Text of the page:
Ah, it's good to be an on-the-go computer user in the Big Apple. Just last week Mayor Bloomberg and AT&T announced a collaboration to bring free Wi-Fi access to 26 locations across New York's various parks. Now, Cablevision's boosting their "Optimum Wi-Fi" network in order to bring customers cable-modem speeds over the airwaves. "But I'm not a Cablevision subscriber!" you wail, scrunching your face to hold back the tears. No need to cry, chum – Time Warner and Comcast struck a deal with Cablevision about a year ago that lets their subscribers hop on to Optimum Wi-Fi at will.
Viacom isn't done ruining everyone's good time. Nope, not by a long shot. The content giant has notified Cablevision that their iPad app, which allows streaming live TV to the device, is not acceptable. The app only works in the customer's home, but Viacom still considers this sort of use to be outside the realm of existing content deals.
Customers of Time Warner Cable's Road Runner internet service in New York City have a reason to exult. All of them are now eligible for free Wi-Fi internet access across New York. There are literally thousands of free hotspots scattered all over NYC for them, thanks to a deal between Time Warner and Cablevision, which means that customers of both “will be able to access free, unlimited Wi-Fi services in each other’s New York City metro service areas, allowing for a fast Internet connection at designated Wi-Fi zones.” A valid Road Runner username and password is enough to enjoy free Wi-Fi. Of course, there is a dedicated page to help locate hotspots.
The viewers will first be confronted with a transparent banner at the bottom of their screens asking them to “Click SEL for More.” If a viewer chooses to know more, the ongoing program will be downsized by three-quarters and banished to the top right corner of the screen. The rest of the screen will then be used to display the information requested by the viewer.
"This is all about giving consumers the ability to explore more content, realize more savings and have more fun while creating a deeper and more meaningful viewing experience," Gemma Toner, senior vice president of marketing and business development at Cablevision, said in a press release.
Cablevision Systems, the 5th largest cable provider in the US, has endured a long legal battle against leading American TV programmers and providers, but now that its legal woes have finally ended, the company has the Supreme Court’s sanction to launch its network DVR system.
So here's the deal: You don't want 101Mpbs broadband. And because you don't demand ultra high-speed internet, you're not the least bit impressed with Cablevision's recently announced Optimum Online Ultra, which will offer Long Island, New York residents uncapped 101Mpbs starting May 11 for $99 per month. Heck, if you cared at all about such high speeds, Verizon would have been offering a similar package two years ago, but you just don't.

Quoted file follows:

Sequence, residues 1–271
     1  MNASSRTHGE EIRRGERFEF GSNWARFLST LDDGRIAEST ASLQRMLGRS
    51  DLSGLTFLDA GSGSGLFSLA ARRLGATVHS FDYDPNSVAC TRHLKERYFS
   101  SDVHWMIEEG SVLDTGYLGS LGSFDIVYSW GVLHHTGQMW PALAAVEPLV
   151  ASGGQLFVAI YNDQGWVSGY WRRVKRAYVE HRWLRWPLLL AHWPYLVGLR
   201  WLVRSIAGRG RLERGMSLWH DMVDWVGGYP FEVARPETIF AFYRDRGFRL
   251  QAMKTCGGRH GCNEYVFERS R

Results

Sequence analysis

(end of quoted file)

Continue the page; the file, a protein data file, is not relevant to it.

Don't agree? Tell it to Eric Rabe, senior VP of Media Relations for Verizon, who posted a blog downplaying Cablevision's high-speed announcement. Rabe had some interesting things to say, essentially calling the service a sham.
"With today's technology, you don't have to break much of a sweat to deliver 100Mbps to a few customers," Rabe wrote. "But given the inherent limits of the cable platform, a cluster of bandwidth junkies living near each other could be a real problem. One estimate is that a single 101Mpbs customer would use some 60 perent of the capacity in a neighborhood. Other users? Outta luck."
Rabe went on to ask "How many customers have been storming the castle, asking for 101 megabits per second bandwidth?" Considering the lack of demand and scope, Rabe called Cablevision's announcement a "parlor trick."
And why stop at 100Mpbs? Rabe points out that Verizon's FiOS network has the capacity to deliver 400Mbps to a single home, along with the muscle to carry the load. It also has "plenty of room for more" upstream bandwidth than the 20Mbps it currently offers.
With all the hubbub surrounding bandwidth limits and tiered internet, it would seem that dark days lay ahead for broadband. So excuse us if we refer to Cablevision as a beacon of shining light, as the cable company today became the fastest cable ISP in the US with its Optimum Online Ultra service.
Optimum Online Ultra takes advantage of the multi-channel DOCSIS 3.0 standard, and by doing so, Cablevision is able to woo customers with up to 101Mbps peak downstream and a more than respectable 15Mbps upstream. On paper, that make's Cablevision's service more than twice as fast as Comcast's 50Mbps package, but it's the lack of a bandwidth cap that may ultimately prove to be the biggest draw for consumers.
Long Island, New York residents will get first crack at the new service starting May 11, which will run $99 per month.